When you get a message that you don’t like, you can do one of two things. You can open your heart and listen — or you can kill the messenger.
It seems that the government of this country prefers to kill the messenger rather than to listen to the message. It did this on March 22 when it closed the New Nation newspaper for three months.
The New Nation a weekly newspaper, was shut down after getting three warnings from Stoffel Botha, the minister of Home Affairs.
The newspaper was banned the day after it lost a court case against Stoffel Botha. The New Nation went to court to challenge the law that gives Stoffel the power to close down newspapers. Because the New Nation lost the case, Stoffel now has the power to close down any newspaper he does not like.
Last year, Stoffel said that he is always ready to speak to newspaper editors if they have a problem. His door is always open, he said.
But when the New Nation got a warning and asked to see Stoffel, they found his door slammed shut.
LEGAL AND TRUE
In his warnings, Stoffel Botha gave a list of the articles and pictures he did not like. He did not, for example, like a picture of ANC President Oliver Tambo arriving in Nairobi to open a new ANC office – and a story about Oliver Tambo arriving In Yugoslavia and calling for the release of Nelson Mandela.
Botha also did not like an article on the miners’ strike last year and a story on the problems of black education. All the articles and pictures in the New Nation have been legal. But that doesn’t matter.
Stoffel Botha didn’t like them.
If Stoffel does not like the stories in the New Nation, then maybe it means he does not like to know the truth. Ever since the Catholic Bishops started the New Nation in January 1986, the paper has written about the daily struggles of the people in a truthful way.
When the paper began, Archbishop Dennis Hurley said: “New Nation will try to speak in truth, justice, love and freedom.”
The New Nation did just that — but right from the start, it has paid a heavy price.
THE VOICE OF THE VOICELESS
The police have twice seized the newspaper and they have raided New Nation‘s office. Four issues of the New Nation have been banned.
Zwelakhe Sisulu, the respected editor of the New Nation, has been sitting in detention since 12 December 1986. Zwelakhe has been detained many times — but he has never been charged with any crime.
The detention of Zwelakhe, who is called “Tata” by the staff at the New Nation, was a big loss to the young newspaper. But if the government thought this would be the end of the New Nation, they got it wrong. The paper kept going and won the hearts of the people.
“Zwelakhe laid the foundations for the success of the New Nation,” says Gabu Tugwana, the acting editor. ” He planted the seeds and we are seeing the fruit. Since Zwelakhe was detained our paper has won three awards.”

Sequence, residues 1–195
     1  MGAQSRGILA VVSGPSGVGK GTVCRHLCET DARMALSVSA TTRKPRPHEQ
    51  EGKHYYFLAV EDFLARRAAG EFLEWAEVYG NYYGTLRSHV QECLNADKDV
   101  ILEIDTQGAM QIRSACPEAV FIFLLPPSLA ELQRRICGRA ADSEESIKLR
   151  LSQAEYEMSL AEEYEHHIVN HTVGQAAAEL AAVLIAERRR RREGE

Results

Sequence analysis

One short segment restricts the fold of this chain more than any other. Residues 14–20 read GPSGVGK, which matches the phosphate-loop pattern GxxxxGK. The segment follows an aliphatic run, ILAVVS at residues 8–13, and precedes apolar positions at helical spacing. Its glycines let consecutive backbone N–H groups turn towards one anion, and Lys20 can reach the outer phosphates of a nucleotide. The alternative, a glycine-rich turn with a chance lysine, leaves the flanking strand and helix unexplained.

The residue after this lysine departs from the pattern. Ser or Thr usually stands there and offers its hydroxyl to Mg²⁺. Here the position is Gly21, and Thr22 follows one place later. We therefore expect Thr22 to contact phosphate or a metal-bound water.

Zwelakhe and the staff at the New Nation have given South Africa a newspaper that is different to most other newspapers. Many of its stories come from the people themselves. Since it began, the New Nation has worked closely with trade unions, community and youth organisations.
The New Nation speaks for the millions of people who do not have a voice in this country. That is why it is known as “the people’s paper.”
“WE WILL RETURN”
For a long time now, the government has threatened and slowly squeezed the paper. It has not been easy for the staff to work under such conditions.
“The past three months have been hell on earth,” says Gabu. “We have been working with a rope around our necks, not knowing when the last moment would come.” When Stoffel finally pulled the rope tight and banned the paper, the staff did not lose hope. Gabu said the spirit of the staff is still very high.
The paper is getting hundreds of messages of support from people at home and overseas.”Even people who the government has tried to separate us from have come out in support of us,” says Gabu.
Gabu and the staff of the New Nation have a message for their readers: “We say thank you to all our readers who faithfully supported us till the last minute. I want to tell them that we will return and continue to give them our best.” It will be three months before we see a copy of the “people’s paper” on the streets again. But while we wait, our thoughts are with the other newspapers and magazines that Stoffel has already warned. Which one will he hit next?
challenge – to question something legal – not against the law voiceless – without a voice seize – to take something by force award – prize, honour finally – in the end, at last success – when something is a success, it has done well